Today we look at a very famous method called the **Monte Carlo** in Python, which can be used to solve any problem having a probabilistic interpretation. Let’s get started with some fun history.

Table of Contents

## A Bit of Monte Carlo history

It was used to solve complex numerical problems like the Buffon Needle Problem (https://en.wikipedia.org/wiki/Buffon%27s_needle_problem):

Suppose we have a floor made of parallel strips of wood, each the same width, and we drop a needle onto the floor. What is the probability that the needle will lie across a line between two strips?

And has been used since the 1940s for:

- studying neutron diffusion for nuclear weapons projects at the Los Alamos National Laboratory, where the ENIAC was used to perform M-C simulations.
- was also used during the development of the hydrogen bomb
- in fluid mechanics, to solve complex differential equations (nonlinear parabolic PDEs)
- for estimating particle transmission energies
- in advanced signal processing and Bayesian inference
- on genetic type mutation-selection learning machines (an early introduction to today’s field of bioinformatics), etc.

## Implementing Monte Carlo in Python

Monte Carlo **allows us to simulate seemingly random events**, and **assess risks** (among other results, of course). It has been used to assess the risk of a given trading strategy.

**For this tutorial, we will simulate a casino (because we cannot simulate a nuclear weapons test ðŸ˜€ )**

In general, the more complex the problem, the more pseudo-random numerical variables you would need.

Open up your Google Colaboratory, and connect to runtime.

### 1. Creating the basic roll of a casino wheel

Let’s import our numpy and pandas packages:

import numpy as np import pandas as pd

- Then we define our “roll” as a number from 1 to 100, and let’s set it at
**49-51**odds of winning for the customers. - This means that for the rolls 1-50 and exactly 100, the house (/casino) wins.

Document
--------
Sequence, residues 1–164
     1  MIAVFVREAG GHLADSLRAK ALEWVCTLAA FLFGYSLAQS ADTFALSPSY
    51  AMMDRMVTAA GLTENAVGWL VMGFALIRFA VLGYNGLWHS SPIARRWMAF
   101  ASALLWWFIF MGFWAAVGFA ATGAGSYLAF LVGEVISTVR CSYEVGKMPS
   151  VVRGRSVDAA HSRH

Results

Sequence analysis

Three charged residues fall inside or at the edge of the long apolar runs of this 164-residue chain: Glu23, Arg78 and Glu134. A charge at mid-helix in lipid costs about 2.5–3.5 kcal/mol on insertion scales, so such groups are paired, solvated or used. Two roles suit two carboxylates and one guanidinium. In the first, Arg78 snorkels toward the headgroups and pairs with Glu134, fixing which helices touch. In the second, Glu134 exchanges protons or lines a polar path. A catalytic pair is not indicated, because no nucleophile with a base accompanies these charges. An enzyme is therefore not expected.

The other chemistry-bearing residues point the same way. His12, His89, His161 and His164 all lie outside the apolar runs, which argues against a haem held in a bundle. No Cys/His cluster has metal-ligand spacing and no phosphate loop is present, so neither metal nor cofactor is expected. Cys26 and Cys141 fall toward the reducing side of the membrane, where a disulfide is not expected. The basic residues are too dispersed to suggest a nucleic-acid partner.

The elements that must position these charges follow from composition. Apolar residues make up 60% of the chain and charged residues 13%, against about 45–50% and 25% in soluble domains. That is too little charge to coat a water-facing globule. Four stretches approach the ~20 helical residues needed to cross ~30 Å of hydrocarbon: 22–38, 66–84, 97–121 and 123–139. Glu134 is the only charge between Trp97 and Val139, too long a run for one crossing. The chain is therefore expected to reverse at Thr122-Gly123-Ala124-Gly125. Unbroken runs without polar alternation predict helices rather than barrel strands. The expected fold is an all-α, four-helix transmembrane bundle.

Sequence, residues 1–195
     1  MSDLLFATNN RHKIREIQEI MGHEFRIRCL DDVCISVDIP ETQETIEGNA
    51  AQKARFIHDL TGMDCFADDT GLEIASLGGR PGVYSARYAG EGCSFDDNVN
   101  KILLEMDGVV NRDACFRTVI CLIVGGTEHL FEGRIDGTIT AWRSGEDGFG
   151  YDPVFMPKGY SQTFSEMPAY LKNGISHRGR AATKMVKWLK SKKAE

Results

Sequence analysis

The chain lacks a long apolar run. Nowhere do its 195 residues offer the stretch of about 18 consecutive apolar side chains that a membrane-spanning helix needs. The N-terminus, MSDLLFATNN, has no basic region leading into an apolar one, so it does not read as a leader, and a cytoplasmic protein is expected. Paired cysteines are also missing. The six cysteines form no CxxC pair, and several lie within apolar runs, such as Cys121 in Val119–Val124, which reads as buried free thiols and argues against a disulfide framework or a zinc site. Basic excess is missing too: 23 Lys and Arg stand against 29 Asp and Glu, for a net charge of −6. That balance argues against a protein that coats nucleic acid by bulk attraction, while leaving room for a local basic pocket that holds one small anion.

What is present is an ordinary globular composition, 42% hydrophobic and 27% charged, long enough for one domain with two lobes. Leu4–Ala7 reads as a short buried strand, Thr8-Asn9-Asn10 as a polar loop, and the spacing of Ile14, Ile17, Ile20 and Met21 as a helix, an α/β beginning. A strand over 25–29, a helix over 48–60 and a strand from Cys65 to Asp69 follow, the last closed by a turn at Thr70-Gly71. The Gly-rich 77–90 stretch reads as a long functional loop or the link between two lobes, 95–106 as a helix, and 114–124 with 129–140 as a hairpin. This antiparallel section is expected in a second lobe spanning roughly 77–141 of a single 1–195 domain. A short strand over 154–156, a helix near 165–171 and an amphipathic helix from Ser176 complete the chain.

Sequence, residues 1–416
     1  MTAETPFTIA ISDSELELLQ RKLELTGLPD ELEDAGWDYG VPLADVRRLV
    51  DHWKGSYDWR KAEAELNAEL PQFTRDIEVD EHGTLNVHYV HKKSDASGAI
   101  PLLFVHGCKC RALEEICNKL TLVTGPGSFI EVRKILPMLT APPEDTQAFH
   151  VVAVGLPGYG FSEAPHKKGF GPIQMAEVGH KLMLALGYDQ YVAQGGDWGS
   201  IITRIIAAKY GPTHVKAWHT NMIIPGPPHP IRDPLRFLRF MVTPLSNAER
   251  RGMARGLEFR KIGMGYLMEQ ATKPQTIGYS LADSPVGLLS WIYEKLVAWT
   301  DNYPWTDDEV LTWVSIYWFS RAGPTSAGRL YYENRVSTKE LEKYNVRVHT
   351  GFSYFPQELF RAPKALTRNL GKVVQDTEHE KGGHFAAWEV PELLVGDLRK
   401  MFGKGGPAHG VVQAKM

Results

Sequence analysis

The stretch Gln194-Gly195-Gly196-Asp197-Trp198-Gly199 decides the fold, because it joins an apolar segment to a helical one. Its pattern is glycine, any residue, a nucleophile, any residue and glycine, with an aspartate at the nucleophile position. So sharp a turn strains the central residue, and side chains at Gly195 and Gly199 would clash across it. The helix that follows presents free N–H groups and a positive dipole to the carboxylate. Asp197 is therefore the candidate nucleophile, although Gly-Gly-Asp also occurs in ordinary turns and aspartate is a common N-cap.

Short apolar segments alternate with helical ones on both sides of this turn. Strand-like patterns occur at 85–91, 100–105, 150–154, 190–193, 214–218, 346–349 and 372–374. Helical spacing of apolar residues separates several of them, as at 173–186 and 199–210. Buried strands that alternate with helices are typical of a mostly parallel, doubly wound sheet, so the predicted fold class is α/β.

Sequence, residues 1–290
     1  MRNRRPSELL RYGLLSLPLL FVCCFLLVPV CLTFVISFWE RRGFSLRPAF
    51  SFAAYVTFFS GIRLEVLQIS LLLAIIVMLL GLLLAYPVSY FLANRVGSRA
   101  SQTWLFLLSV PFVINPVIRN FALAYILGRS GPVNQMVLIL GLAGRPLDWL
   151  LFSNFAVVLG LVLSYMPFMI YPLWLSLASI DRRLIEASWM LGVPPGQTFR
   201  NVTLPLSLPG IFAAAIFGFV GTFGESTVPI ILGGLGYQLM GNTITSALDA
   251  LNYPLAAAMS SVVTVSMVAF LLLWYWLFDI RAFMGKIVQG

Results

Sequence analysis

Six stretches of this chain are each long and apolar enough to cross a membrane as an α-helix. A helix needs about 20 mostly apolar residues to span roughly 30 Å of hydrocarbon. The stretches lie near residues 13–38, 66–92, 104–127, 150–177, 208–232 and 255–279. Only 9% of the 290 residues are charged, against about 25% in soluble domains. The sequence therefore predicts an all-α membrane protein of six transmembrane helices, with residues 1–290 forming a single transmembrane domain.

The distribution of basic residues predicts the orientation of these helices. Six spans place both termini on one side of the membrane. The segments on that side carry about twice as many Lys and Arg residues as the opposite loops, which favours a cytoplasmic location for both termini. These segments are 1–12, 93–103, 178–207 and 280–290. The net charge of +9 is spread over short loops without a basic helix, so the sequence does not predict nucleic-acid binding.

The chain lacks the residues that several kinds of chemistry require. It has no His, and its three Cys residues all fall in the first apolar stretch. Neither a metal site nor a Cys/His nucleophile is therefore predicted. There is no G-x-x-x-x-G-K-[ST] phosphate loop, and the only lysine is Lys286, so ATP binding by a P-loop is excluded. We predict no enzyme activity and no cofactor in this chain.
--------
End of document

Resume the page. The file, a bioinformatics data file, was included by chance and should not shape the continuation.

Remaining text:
- For rolls 51-99, the player wins.

This seems like a fair chance of winning, and most players will most likely take it.

**Let’s simulate this in Python:**

def casino_roll(): roll = np.random.randint(1,100) if roll <= 50 or roll == 100: print('rolled %d. you lose. House wins! Play again?!'%roll) elif 50 < roll < 100: print('you win! On a roll !') return True

So, now we can just call casino_roll(), and you can see what you get. I tried it 4 times, and I lost thrice.

### 2. Making a dealer

Next, let’s put some money into the bet. So we’ll create the dealer, who takes in a bet, and:

- if there is a win, he rewards the player.
- If there is a loss, he pockets the money.

def deal_bet(funds,initial_bet,bet_count): bet = 0 funds_total = 0 while bet < bet_count: if casino_roll(): funds += initial_bet else: funds -= initial_bet bet += 1 print('Funds : %d'%funds) funds_total += funds print('average win/loss : %f'%(10000-funds_total/bet_count))

Observe that I found the total funds, and then found the average win/loss. If it’s positive it’s a win. If it’s negative, it’s a loss.

### 3. For 100 bets of Rs. 100

So running this for a hundred bets, each time betting the same amount of 100 rupees, we get:

deal_bet(10000,100,100)

I had to run the program 5 times before getting this negative value, but observe how many of the values are well over 10000 and yet the player loses money overall.

This is just to show that what we perceive as a profitable deal may not always be so.

### 4. Making more players

We can make 100 players make this same above bet:

x=0 while x<100: deal_bet(10000,100,100) x+=1

Comment out the **print**(funds) statement in **deal_bet**().

So, now we can see all the profits and losses incurred by each player:

### 5. Plotting averages with Matplotlib

Let’s plot the data with matplotlib here:

return (10000-funds_total/bet_count)

Add the above line to end of **deal_bet**() function.

Then we modify:

x=0 avg_list=[] while x<100: avg_list.append(deal_bet(10000,100,100)) x+=1

And finally, we can plot it:

import matplotlib.pyplot as plt avg_list = np.array(avg_list).astype(int) plt.figure(figsize=(20,20)) plt.plot(avg_list) plt.axhline(np.array(avg_list).mean(), color='k', linestyle='dashed', linewidth=1)

## Conclusion

That’s it for the day everyone. I hope this example has helped you understand the Monte Carlo simulation in Python perfectly well.

You could now do this for an aggressive player. Perhaps, every time he wins, he bets double money. Think of a variety of scenarios and modify the betting function yourself.

**You’ll find some more scenarios along with the full code if you’ve missed something at my github:**

**https://github.com/arkaprabha-majumdar/monte-carlo**

Until next time !!